Nicolas DiLorenzo, Ph.D., Assistant Professor, Co-PD, Animal Scientist

Dr. Nicolas DiLorenzo received his degree in Agricultural Engineering from the Universidad Nacional de La Plata, Argentina, in 2002.   He moved to the U.S. in 2002 to pursue graduate studies at the University of Minnesota, where he obtained his Master degree in 2004 and his PhD in 2008, both in Animal Science with emphasis in beef cattle nutrition.  From 2008 to 2010 Dr. DiLorenzo worked as a postdoctoral Research Associate at Texas Tech University in Lubbock, TX, conducting research in the area of feedlot nutrition and management.   In 2010 he joined the University of Florida as an Assistant Professor in Animal Sciences at the North Florida Research and Education Center in Marianna.  His primary research and extension interests are in the area of beef cattle nutrition, with the objective of improving the efficiency of use of forages minimizing the environmental impact.  His research focuses on ruminal metabolism and fermentation, emissions of greenhouse gases, and nutrient excretion in cattle systems.

Sebastian Galindo, Ph.D., Assistant Professor, Project Collaborator, Agriculture Communication Specialist

Dr. Galindo is a Research Assistant Professor in the Department of Agricultural Education and Communication (AEC) of the University of Florida (UF). He earned his PhD degree from AEC in 2009, with a concentration in extension program development and evaluation, and had previously received the MS degree from the Department of Animal Sciences at UF and the DVM degree from the School of Veterinary Medicine at the Universidad Veracruzana (Veracruz, Mexico). Dr. Galindo is currently responsible for designing and executing the evaluation components for a variety of multidisciplinary projects in collaboration with a number of scientists inside and outside UF. His experience also includes being a consultant on methodology and evaluation for products conducted by the Rehabilitation Outcomes Research Center of the U.S. Department of Veterans Affairs, the Southeastern National Tuberculosis Center, and the Center for Aquatic and Invasive Plants at UF.

Song Liang, Ph.D., Associate Professor, Co-PD, Environmental Epidemiologist

Dr. Liang’s research interests include environmental epidemiology and dynamic modeling of water- and vector-borne infectious diseases; environmental determinants and control of neglected tropical disease; water quality, sanitation, and food safety; environmental burden of diseases; one health and eco-health approach to infectious disease control and global environmental health.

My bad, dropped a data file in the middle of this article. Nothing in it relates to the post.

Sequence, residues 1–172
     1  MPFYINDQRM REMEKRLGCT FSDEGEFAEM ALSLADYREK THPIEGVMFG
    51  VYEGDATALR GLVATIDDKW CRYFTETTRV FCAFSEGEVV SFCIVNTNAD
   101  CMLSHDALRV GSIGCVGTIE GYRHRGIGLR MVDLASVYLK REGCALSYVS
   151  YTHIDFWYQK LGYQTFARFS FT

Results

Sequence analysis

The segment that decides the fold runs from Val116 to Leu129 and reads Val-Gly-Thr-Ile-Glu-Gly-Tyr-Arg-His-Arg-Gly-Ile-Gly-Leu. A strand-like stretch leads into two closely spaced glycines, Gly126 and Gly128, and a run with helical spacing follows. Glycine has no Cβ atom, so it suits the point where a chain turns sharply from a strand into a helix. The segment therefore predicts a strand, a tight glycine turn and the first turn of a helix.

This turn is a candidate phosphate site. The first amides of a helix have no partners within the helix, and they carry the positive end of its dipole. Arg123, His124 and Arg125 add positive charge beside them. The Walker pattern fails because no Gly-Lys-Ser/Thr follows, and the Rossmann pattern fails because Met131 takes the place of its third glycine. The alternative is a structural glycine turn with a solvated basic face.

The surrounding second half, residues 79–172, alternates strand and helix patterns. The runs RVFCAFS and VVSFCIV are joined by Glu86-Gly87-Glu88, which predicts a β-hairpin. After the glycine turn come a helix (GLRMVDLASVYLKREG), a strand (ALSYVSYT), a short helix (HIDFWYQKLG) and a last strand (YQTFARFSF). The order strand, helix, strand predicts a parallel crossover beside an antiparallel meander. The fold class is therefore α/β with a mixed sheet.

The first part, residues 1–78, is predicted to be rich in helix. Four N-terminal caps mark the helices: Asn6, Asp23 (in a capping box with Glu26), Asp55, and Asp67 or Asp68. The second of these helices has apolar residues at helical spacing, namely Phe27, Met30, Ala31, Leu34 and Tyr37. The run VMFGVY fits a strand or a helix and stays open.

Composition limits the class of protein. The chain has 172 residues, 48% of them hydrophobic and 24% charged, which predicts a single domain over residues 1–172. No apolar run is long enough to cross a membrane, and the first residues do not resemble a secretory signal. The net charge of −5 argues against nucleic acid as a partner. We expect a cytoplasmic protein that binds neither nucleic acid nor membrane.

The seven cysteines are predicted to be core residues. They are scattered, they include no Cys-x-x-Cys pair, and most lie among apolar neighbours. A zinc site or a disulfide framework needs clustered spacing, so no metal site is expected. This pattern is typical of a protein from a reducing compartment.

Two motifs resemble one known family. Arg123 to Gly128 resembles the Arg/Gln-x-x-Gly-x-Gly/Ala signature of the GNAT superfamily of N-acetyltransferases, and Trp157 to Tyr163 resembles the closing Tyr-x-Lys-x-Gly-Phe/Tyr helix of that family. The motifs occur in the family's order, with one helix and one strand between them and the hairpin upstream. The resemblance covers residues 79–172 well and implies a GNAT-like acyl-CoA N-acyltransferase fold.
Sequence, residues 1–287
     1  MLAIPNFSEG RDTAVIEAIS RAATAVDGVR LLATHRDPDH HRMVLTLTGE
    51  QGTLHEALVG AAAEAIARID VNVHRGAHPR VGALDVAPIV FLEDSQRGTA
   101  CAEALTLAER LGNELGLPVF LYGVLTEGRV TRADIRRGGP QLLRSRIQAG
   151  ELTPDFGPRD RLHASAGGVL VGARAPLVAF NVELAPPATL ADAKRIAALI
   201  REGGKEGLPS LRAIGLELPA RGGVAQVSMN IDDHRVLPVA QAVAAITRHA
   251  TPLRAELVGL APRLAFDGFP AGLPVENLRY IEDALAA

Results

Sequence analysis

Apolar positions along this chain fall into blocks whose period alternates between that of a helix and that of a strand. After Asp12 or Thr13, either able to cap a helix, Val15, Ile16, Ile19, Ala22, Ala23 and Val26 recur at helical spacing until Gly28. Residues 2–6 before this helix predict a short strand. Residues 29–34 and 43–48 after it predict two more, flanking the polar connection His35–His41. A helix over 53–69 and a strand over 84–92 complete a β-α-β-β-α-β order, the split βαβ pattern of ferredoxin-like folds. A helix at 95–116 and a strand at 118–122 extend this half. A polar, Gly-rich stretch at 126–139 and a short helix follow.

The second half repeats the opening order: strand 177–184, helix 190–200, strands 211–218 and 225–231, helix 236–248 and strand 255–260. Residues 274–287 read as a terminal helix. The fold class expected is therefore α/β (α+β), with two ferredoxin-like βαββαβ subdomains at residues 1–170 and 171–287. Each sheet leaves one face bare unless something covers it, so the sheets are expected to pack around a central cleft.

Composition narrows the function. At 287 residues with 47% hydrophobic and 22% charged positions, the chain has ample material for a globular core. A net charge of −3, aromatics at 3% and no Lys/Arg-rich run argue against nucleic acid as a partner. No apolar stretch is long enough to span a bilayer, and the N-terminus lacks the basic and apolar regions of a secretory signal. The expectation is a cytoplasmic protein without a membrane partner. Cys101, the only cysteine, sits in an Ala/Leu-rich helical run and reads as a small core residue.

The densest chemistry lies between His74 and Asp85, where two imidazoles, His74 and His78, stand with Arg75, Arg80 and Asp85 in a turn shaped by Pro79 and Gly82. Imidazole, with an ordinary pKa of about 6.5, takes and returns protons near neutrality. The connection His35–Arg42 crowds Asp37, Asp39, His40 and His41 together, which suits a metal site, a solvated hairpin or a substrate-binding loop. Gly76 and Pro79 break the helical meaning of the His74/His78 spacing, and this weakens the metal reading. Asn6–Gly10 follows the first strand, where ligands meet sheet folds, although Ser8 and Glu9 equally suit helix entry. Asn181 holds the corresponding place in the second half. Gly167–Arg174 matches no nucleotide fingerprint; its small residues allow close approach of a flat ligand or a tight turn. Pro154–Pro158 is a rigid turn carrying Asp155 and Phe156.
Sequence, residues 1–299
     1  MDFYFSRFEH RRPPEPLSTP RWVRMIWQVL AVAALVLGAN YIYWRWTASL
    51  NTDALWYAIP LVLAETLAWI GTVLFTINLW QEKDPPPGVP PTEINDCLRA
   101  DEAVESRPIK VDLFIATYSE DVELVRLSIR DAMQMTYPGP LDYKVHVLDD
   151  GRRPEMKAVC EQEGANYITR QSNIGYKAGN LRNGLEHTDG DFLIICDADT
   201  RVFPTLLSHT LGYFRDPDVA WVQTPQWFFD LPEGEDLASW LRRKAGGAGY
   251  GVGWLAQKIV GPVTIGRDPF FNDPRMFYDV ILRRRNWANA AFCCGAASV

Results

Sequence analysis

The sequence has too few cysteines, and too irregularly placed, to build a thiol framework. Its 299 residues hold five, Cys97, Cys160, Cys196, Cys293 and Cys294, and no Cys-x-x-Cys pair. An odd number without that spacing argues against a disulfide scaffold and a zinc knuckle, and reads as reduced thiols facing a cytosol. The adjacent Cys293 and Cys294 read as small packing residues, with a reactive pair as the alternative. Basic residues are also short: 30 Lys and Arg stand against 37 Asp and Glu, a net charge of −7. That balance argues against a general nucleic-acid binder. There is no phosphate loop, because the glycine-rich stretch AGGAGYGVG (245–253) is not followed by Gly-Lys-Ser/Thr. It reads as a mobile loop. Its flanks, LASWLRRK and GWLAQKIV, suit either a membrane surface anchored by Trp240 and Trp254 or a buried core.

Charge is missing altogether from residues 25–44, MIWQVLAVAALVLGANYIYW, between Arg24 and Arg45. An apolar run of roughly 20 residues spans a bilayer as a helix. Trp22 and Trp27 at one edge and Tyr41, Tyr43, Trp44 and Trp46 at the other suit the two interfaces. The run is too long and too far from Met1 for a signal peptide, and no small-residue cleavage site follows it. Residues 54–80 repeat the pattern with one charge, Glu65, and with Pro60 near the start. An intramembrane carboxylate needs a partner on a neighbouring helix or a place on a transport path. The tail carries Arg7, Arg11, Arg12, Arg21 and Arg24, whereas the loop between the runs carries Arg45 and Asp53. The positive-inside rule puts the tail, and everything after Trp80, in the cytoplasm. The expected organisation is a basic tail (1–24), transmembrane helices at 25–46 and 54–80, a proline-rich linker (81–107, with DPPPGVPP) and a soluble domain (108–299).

Babette Brumback, Ph.D., Professor, Project Collaborator, Biological Statistician

Babette Brumback, Ph.D., is Professor and Associate Chair of the Department of Biostatistics at the University of Florida.  Her professional activities include serving in 2015 as Chair of the American Statistical Association Section on Statistics in Epidemiology and serving from 2011-2015 as a member of the National Institutes of Health Study Section on Clinical and Integrative Cardiovascular Sciences.  She has also served as Associate Editor of Biometrics and as Statistical Editor of Psychosomatic Medicine.  Her statistical research has concentrated on methods for longitudinal data analysis, causal modeling, bias adjustment, and analysis of data from complex sampling designs.  She has also collaborated extensively on public health and medical studies concerning a broad array of research areas.  Dr. Brumback received her PhD in Statistics from the University of California, Berkeley in 1996, followed by postdoctoral training in Biostatistics and Epidemiology at the Harvard School of Public Health from 1996-1999.

Ray Mobley, VMD, Professor, Co-PD, Veterinarian

Dr. Ray Mobley is licensed to practice veterinary medicine in Florida and is a Diplomat of the American College of Veterinary Preventive Medicine. He is affiliated with numerous professional organizations to include the American Veterinary Medicine Association, The America Extension Veterinary Medicine Association, Association of Small Ruminant Practitioners, and Food Hygiene Veterinarian. Dr. Mobley currently serves as the director of extension programs at Florida A&M University.

Keawin Sarjeant, Ph.D., Assistant Professor, Co-PD, Food Safety Specialist